Guziec: Thinking about it from a bond perspective, do we see an economic downside, or are we secure on the cash flows and these firms’ ability to support the bonds?
MacKay: Home Depot has maintained around 2 times lease-adjusted leverage for a number of quarters, all through the downturn and prior. The firm kept to that leverage target by watching EBITDA and being prudent with new debt issuance. Still, the risk for both companies is that they could change their leverage targets, and that would change our opinion on the bonds and where they should trade. To a lesser extent, there is also a risk that they could get caught flat-footed if there is a deep downturn, leading to a steep EBITDA decline, and not having the cash flow to pay down debt. But we see that as quite a low-risk proposition, considering their strong free-cash-flow generation, currently.
Guziec: So, there’s plenty of cushion, and we really like the debt. Let’s move to the office-products industry. Is there a different story there?
MacKay: There is. Office products tend to lag economic recoveries because of the industry’s ties to unemployment—unemployment impacts the retail side and the contract and delivery side of the office-products distribution business. We had thought there would be a nice, slow rebound early in 2011; when it became apparent that wasn’t going to be the case, the office-products distributors warned that they weren’t going to hit their projected numbers. Numbers continue to be soft for all three of the office-products distributors, but Staples SPLS is far and away the leader in this industry. We’ve noted that, particularly in their contract business, Staples sees gains with their corporate customers, while its two peers, Office Depot ODP and OfficeMax OMX, have seen declines.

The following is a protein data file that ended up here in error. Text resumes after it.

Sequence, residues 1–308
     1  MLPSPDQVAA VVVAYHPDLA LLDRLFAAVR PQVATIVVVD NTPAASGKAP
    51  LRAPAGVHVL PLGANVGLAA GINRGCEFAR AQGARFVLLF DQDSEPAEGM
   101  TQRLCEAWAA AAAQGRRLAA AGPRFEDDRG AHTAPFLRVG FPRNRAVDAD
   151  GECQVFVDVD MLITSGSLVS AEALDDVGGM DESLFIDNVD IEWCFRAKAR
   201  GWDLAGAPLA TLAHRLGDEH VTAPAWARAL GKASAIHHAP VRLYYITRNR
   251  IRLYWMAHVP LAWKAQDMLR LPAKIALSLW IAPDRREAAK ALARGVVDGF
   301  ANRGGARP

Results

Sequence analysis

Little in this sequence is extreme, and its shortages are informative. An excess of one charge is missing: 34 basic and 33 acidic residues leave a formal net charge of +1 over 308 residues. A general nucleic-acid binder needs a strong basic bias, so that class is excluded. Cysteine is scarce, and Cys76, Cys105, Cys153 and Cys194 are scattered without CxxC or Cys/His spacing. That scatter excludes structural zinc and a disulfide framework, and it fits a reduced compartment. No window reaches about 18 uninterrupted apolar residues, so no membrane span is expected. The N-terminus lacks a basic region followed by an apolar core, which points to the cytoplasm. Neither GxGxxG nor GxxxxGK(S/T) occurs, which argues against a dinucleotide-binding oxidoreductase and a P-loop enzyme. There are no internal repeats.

Competition is very high in this industry, given that the products are very commoditylike. Nontraditional office-supply retailers, such as Amazon.com AMZN, Costco COST, and Wal-Mart WMT, have been exacerbating the industry’s competitiveness. They’re known as being low-price competitors, so it’s very easy for them to get into the game. Our argument here is that, in Staples’ case, it’s been going on for years, and we think that Staples, with its international presence and ability to leverage costs, can compete on price if it needs to. But being known as the office- supply superstore leader is benefiting the firm there.
Guziec: Is there anything you like in this space from a debt perspective?
MacKay: I would love to be able to recommend Staples from a debt perspective, but the firm will be reducing a great deal of their debt over the next couple of years. In 2008, Staples increased their leverage by about half a turn to acquire Corporate Express, which changed their international landscape. The company has been very up-front about getting back to pre-acquisition leverage levels, and they intend to pay debt as it comes due. So, with their only outstanding maturities being just a few years out, we don’t see upside to those bonds.